Posts Tagged ‘Jean Gabin’

Blackpaint 669 – From the Lockdown

April 15, 2020

Some pictures that I really like

Very lame heading, I know, but no exhibitions accessible during the lockdown, so I’m forced to improvise and go back to the archives.

 

Red Nude, Karel Appel (Ghent)

He can smash those colours together and they never turn into mud.  the black ground too…

 

Sleeping Child, Will Barnet (Washington)

I’d never heard of this US artist, despite the fact that he lived to over 100 (died 2012) and ran a famous print studio in the States.  Very stylised, Japanese-y…

 

The Entombment, Caravaggio (Vatican)

Nothing needs to be said about this – so I’ll say nothing.

 

Lady with a Squirrel and a Starling, Holbein (London)

Is there another portraitist who comes anywhere near Holbein?  Might get a blog out of that in the future…

 

Orange and Black Wall, Franz Kline (Madrid)

The colours here I think  detract from the trademark starkness of Kline’s monochrome pictures – but they add something too; variety obviously!

 

The Rape of Europa. Titian (Boston)

There was a TV prog last week on the series of paintings which Titian did for Philip II of Spain.  The paintings are, or were, on exhibition at the National Gallery – but the lockdown has closed the NG.  Some of the TV prog was taken up with discussion about objectification and sexualisation of women by male artists and purchasers.  Mary Beard opined at the end that the pictures should be shown because they tell us a lot about sexual violence against women.

I seem to recall reading or hearing on TV somewhere that the word rape, as in the example above and in the various kidnappings of the Sabine women, meant abduction, rather than the assault itself.  That’s clearly the case with Titian’s painting – yet Beard asserted several times (I think) that we were seeing a rape in progress.  It’s confusing for us old, white men.

 

Comtesse d’Haussonville, Ingres (New York)

Stunning portrait, but like the paintings in the Tate Britain’s “British Baroque” exhibition, the real focus of interest is the dress.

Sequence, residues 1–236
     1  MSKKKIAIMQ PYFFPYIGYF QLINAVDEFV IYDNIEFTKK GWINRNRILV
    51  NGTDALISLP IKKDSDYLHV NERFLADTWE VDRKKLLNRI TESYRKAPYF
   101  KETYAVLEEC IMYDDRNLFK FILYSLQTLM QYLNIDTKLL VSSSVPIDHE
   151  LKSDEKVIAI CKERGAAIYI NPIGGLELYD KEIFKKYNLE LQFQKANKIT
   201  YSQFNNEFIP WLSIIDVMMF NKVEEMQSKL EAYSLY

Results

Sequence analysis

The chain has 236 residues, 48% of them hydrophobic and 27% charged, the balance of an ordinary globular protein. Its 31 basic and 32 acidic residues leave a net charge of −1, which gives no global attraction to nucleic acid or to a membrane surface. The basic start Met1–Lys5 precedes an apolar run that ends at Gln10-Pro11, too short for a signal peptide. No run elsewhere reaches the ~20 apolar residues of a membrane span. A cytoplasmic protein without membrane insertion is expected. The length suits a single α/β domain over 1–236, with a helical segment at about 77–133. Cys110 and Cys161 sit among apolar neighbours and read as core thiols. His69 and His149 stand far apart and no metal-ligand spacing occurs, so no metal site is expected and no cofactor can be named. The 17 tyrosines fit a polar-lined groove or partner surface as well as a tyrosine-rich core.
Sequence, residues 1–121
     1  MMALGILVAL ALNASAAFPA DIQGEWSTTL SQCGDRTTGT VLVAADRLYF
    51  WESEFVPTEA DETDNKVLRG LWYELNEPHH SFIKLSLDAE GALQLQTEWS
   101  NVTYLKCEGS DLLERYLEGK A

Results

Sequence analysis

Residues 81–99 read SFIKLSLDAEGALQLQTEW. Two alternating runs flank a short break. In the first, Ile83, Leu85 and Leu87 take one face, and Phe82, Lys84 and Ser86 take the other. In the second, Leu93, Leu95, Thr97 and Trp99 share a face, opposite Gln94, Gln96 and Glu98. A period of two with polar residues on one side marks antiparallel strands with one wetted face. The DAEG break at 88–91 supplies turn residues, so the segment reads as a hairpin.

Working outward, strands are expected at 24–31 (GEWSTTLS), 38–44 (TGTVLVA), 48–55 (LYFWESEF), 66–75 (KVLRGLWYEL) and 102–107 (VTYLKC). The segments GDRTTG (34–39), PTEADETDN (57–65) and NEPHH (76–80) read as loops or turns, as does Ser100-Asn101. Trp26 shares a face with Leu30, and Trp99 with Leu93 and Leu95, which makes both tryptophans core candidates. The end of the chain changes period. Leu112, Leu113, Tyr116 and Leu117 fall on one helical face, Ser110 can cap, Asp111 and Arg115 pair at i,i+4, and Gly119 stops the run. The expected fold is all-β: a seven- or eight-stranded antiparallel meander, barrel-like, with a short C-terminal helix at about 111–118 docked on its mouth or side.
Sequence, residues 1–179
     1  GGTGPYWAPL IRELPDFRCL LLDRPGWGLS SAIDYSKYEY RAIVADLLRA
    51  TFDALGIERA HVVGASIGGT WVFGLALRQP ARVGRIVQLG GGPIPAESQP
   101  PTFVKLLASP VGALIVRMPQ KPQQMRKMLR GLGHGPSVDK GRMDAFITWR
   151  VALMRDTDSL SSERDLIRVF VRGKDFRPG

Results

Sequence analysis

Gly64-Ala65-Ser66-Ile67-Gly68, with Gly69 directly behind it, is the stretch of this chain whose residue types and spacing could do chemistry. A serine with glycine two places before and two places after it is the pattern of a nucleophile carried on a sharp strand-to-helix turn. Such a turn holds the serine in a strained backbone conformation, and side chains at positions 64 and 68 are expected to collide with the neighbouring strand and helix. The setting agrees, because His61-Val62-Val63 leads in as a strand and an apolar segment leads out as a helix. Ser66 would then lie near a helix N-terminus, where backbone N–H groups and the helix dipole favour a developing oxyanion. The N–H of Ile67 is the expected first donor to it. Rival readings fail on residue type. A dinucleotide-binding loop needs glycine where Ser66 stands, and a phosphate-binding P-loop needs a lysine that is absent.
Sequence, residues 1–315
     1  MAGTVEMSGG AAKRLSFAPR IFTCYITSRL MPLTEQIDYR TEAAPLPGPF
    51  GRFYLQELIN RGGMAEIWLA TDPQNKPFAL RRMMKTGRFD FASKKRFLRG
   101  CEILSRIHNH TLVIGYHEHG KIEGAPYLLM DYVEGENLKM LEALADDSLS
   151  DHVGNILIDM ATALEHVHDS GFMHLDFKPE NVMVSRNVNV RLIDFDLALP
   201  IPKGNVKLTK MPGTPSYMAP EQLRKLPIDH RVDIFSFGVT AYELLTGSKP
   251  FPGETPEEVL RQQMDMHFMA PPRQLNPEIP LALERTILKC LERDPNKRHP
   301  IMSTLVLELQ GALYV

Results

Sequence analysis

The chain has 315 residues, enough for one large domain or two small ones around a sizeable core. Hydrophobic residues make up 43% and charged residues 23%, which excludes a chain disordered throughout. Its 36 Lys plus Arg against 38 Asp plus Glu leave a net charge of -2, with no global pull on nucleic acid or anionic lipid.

Cemetery in Corsica 1948, John Minton

A re-showing last week of Mark Gatiss’ great documentary on the painter, teacher and illustrator John Minton.  I have to say that I loved the Cornish pictures, reminiscent as they were of Sutherland and Piper, but found the bright colours of his Thameside paintings rather jarring.  I really like this Corsican one with the green sky, though.

 

I haven’t mentioned any films of late; in recent weeks, however, the virus has led me to do little else but watch DVDs.  Here are a few-

 

Caravaggio, Derek Jarman (1987)

Tilda Swinton as Lena, an angel with a dirty face.  I don’t know if Jarman’s film has any connection to historical reality, but it’s certainly visually brilliant, especially the colours and the bodies on show – all swathed in Caravaggian blacknesses as above.  Sean Bean and Dexter Fletcher sneer, grin threateningly, brandish knives, pop their pecs and sweat glossily and Nigel Terry, as the adult Caravaggio, has the necessary authority – and looks just like the painter.  There is also the impish Dawn Archibald, who does amazing things with her body – to loosen up after modelling.  I was saddened to discover that she died in her 50s in 2016, having been a peace activist for some time in the Edinburgh Women in Black group. RIP.

Dawn Archibald in Caravaggio

 

Le Jour se Leve, Marcel Carne (1939)

Jean Gabin and Arletty in a Parisian bar, prior to the killing of the dog trainer (don’t ask) and the ensuing siege in the top apartment.  Gabin’s character, despite the gangster cap and hard man expression, works as a paint sprayer and rides a drop handle bike…

 

Hotel du Nord, Marcel Carne (1938)

Arletty again, this time with pimp Louis Jouvet and a couple of police heavies.  Arletty, also a star of Carne’s Les Enfants du Paradis, was imprisoned for collaboration after WW11; she “had an affair” (seems a quaint phrase to me now) with a German officer who later became a diplomat in Africa – and was eaten by a crocodile.  Which has nothing to do with the merits of the film; like the other two Carne fims mentioned, it’s still sort of hypnotic and archetypal in settings, characters and story.

To end, two recent paintings of mine:

Drop in the Ocean

Sonia’s Twisting Pose

Blackpaint

15th April 2020